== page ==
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Deborah, I'm still waiting for Patty to tell us what zone she's in! Duh I'm not sure a Gardenia would be hardy where she's at since they're only hardy to zone 7b, but I'm really not sure! Duh I know they are not hardy here frown because I would have them all over my yard if they were. laugh laugh I love them angell

#75008 September 9th, 2006 at 07:08 AM
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Gardenia - nope, not me, zone 3/4, North Dakota. eek

I picked up two pretty Wine and rose shrubs today, AMONG A BUNCH OF OTHER THINGS! grinnnn

#75009 September 9th, 2006 at 07:24 AM
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Thanks, Patty! wink I kinda figured you were colder than me and that's why I listed shrubs hardy to zone 4, thumbup but the zone 3 surprises me. shk

#75010 September 9th, 2006 at 09:37 AM
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OK, maybe an indoor gardenia if you like them.
What other things? We wanna know ! laugh

#75011 September 9th, 2006 at 10:21 AM
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Deborah, it doesn't matter if it's an outdoor gardenia or not. :rolleyes: Gardenias do not survive outdoors in zones lower then zone 7b. frown

#75012 September 9th, 2006 at 12:41 PM
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I know, they're tropical.
I meant as a houseplant.
Did you find any info on the Marguerite felicia yet? I left you a post in the other thread about it.

#75013 September 9th, 2006 at 12:49 PM
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Deborah, I had a beautiful Gardenia for years in my office and it was awesome! thumbup Everyone who came in commented on it! Whenever it was blooming the smell would fill the room and it was heavenly! wink I loved that plant and it got to be quite large! smile

#75014 September 9th, 2006 at 01:12 PM
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Spiraea alba (meadow sweet)
Spirea trilobata (threelobe spirea)
Syringa species (lilac)
Amelanchier alnifolia (saskatoon, western serviceberry, Juneberry)
Lonicera x xylosteoides `Clavey's Dwarf' (Clavey's Dwaft honeysuckle)
Prunus americana (American plum)
Clematis ligusticifolia (clematis)
Clematis virginiana (virgin's bower)

all of these are native to nd, so they would all do well for you

#75015 September 25th, 2006 at 04:36 AM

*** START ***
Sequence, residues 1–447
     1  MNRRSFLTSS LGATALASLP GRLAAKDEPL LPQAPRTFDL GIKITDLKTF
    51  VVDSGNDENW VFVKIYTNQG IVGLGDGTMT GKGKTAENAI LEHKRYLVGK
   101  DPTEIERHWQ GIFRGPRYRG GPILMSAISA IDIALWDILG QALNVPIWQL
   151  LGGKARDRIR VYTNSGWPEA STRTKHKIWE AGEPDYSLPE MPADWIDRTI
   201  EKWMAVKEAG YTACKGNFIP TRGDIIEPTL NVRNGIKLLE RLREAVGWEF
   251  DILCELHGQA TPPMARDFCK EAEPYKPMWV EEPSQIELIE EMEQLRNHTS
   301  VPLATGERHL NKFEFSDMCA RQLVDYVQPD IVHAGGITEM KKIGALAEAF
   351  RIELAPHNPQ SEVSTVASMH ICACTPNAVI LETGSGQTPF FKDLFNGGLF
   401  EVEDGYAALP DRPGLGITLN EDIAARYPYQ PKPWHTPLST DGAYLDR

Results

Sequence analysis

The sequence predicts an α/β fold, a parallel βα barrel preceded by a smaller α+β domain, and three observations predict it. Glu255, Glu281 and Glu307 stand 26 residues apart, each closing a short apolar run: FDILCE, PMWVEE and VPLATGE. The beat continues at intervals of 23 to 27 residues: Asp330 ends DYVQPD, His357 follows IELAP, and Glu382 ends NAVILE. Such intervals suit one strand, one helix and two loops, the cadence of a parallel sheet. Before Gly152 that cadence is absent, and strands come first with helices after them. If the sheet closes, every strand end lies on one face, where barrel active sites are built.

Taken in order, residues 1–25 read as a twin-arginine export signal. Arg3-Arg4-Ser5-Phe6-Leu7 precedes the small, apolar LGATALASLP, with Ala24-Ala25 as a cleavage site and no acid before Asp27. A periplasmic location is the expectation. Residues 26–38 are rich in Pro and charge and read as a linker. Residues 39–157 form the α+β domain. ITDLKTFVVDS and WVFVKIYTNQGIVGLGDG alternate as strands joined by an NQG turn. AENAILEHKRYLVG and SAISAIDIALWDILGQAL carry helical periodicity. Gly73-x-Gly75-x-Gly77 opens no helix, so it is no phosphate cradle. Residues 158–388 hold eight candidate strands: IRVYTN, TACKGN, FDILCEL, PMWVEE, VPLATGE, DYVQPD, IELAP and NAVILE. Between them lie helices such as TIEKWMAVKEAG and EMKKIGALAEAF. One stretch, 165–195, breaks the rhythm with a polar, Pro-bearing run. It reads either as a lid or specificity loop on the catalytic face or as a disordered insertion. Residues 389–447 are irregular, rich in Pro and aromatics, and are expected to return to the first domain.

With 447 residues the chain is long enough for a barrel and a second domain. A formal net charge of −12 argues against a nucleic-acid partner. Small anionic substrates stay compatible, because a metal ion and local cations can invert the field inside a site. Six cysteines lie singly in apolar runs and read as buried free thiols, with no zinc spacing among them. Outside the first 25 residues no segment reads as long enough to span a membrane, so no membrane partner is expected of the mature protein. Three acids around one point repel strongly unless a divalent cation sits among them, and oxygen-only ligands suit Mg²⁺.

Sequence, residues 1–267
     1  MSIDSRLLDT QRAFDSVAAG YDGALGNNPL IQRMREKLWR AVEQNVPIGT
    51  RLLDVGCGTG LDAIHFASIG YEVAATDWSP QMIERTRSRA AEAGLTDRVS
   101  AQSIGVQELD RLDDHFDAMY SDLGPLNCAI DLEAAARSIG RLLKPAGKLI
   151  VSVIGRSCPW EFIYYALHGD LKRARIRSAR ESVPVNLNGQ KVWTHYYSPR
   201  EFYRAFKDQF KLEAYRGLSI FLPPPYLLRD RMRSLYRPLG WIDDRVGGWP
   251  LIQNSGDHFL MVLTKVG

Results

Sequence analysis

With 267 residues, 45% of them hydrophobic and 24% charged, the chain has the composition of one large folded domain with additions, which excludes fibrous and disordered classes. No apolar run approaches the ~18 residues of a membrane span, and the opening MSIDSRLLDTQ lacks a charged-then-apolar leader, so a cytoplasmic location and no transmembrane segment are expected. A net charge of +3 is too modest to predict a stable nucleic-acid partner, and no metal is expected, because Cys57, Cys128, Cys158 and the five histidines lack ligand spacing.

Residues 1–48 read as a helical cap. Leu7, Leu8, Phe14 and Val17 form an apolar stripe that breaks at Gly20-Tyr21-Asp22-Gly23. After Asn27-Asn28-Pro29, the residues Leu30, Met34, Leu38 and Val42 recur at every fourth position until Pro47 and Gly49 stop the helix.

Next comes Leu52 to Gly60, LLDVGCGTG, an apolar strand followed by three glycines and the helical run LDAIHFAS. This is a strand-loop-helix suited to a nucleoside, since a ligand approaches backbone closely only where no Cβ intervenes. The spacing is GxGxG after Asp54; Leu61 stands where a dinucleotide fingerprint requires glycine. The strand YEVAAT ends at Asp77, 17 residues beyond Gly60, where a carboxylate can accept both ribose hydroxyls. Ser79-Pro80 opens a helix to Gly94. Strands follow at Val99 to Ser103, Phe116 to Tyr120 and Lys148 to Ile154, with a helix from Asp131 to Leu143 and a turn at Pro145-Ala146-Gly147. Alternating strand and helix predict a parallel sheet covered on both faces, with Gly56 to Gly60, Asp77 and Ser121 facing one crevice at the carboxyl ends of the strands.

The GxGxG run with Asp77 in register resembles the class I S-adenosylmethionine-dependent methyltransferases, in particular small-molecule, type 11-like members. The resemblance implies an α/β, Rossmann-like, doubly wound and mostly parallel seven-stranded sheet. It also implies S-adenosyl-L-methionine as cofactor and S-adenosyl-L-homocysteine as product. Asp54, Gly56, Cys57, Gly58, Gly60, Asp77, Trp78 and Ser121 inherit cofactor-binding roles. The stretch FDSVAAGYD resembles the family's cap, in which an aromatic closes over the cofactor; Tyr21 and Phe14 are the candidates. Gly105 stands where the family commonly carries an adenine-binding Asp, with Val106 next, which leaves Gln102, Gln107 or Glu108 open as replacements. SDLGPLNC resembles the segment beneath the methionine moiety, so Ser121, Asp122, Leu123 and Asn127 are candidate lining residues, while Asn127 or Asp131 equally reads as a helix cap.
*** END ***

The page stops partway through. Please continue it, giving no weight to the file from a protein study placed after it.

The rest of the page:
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Here is another approach that you may be interested in. Our landscaping was done by a local professional nursery about 7 years ago. We decided on shrubs that would bloom incrementally throughout the growing season; with evergreen for the winter. Here is a list to consider of which I think can grow in your zone 3to4 area.
"Miss Kim" lilac (Flagrant lilac blooms in spring)
Saint John's Wort( Yellow blooms in early Summer)
Caryopteris (Deep blue blooms in late Summer)
Burning Bush (Deep red foliage in early Fall)
Broadmore Juniper ( Evergreen for year round greenery).
Also a Buddelia (Butterfly Bush) acts very much like a Caryopteris. Seeing the plants develop over the last 7 years has been a joyful and an enlightening experience. Do a little research on these and see what you think.
Good Luck!

#75016 September 26th, 2006 at 12:51 PM
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I liked the suggestion of Spiraea. The texture is nice.

Crimson pygmy barberry is nice.

The other day, I saw a Hebe - so I was told - that was new to me. It was called 'Quicksilver'.

Nice little form.

#75017 September 30th, 2006 at 08:36 PM
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Here's a link which may help, ND: North Dakota Tree Handbook

I have a bush cherry, Prunus Tomentosa aka Nanking Cherry, qhich is listed there, and is an attractive feature in my botanical style back yard.
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Click on picture to see it growing up against Pasture rose Rosa Carolina in bloom.

Can you get some kind of idea as to what to try from neighboring gardens ?